Cartilage Tears in the hip

What are hip cartilage tears?

The hip joint contains articular cartilage (which covers the ends of the ball and socket portions that make up the joint) as well as a more flexible cartilage, which surrounds the socket portion, called the labrum.  Both types of cartilage can develop tears.  Articular cartilage tears usually happen with wear of the hip joint, whereas labral tears can occur without wear and can be associated with femoracetabular impingement.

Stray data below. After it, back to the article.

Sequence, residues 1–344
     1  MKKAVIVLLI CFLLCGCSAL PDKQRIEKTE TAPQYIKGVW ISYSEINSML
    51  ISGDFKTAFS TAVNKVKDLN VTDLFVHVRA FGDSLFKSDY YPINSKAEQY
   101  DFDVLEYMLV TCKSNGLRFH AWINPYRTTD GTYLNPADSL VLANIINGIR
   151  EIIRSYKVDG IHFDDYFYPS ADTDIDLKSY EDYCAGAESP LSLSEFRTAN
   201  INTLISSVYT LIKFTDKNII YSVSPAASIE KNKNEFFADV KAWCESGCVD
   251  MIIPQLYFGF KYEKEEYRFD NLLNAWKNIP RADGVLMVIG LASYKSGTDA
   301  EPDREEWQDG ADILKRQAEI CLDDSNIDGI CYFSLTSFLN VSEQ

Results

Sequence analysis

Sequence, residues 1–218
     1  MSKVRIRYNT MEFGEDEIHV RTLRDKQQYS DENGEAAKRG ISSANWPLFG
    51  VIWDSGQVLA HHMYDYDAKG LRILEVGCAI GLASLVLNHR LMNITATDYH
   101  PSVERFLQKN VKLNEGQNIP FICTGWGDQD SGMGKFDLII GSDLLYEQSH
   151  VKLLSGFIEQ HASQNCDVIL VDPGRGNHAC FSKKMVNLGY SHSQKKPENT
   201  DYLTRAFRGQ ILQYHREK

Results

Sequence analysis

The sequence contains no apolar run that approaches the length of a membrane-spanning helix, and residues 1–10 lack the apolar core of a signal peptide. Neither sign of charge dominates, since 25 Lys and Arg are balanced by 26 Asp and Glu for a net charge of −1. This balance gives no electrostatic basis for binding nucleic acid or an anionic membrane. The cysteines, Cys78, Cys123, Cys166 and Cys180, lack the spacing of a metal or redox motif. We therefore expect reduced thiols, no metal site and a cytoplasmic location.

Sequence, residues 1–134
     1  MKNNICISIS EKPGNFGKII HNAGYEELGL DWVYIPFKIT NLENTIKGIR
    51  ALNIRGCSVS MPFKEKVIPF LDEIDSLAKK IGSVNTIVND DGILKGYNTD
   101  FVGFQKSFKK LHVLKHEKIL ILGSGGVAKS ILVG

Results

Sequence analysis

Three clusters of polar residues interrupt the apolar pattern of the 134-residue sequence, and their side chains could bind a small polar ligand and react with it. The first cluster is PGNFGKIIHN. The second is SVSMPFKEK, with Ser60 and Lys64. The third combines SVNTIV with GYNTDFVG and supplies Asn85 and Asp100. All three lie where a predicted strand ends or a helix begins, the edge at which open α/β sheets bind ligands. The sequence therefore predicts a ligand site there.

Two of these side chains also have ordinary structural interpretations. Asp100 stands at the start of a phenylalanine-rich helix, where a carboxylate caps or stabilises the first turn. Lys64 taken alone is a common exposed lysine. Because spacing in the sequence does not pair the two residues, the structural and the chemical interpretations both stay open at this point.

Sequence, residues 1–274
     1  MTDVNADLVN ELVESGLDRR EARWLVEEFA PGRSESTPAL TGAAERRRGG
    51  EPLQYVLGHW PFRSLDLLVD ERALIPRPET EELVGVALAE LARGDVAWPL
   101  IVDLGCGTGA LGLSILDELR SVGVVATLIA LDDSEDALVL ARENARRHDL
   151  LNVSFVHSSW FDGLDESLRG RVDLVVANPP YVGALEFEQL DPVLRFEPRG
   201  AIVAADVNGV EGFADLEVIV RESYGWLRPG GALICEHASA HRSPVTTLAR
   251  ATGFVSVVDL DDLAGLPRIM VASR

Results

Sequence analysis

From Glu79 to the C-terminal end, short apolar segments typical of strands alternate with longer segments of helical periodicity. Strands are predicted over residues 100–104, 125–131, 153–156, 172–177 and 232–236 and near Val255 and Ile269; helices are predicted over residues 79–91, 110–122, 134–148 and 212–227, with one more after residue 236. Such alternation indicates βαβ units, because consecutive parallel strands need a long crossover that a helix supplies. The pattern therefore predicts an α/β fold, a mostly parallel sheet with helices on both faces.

What symptoms can they cause?

Hip pain felt in the groin is common with both types of tear. Labral tears more commonly cause intermittent pains in the hip joint and sometimes clicking or snapping and a feeling of giving way or sudden seizing of the joint.  Specialist examination can reproduce a click that indicates a tear, but an MRI scan is usually required to confirm the problem.

How are the tears treated?

Such tears can usually be dealt with by key-hole surgery of the hip (hip arthroscopy) during which the tears are either repaired or trimmed.  Patients are usually able to return to all activities after a period of physiotherapy exercises.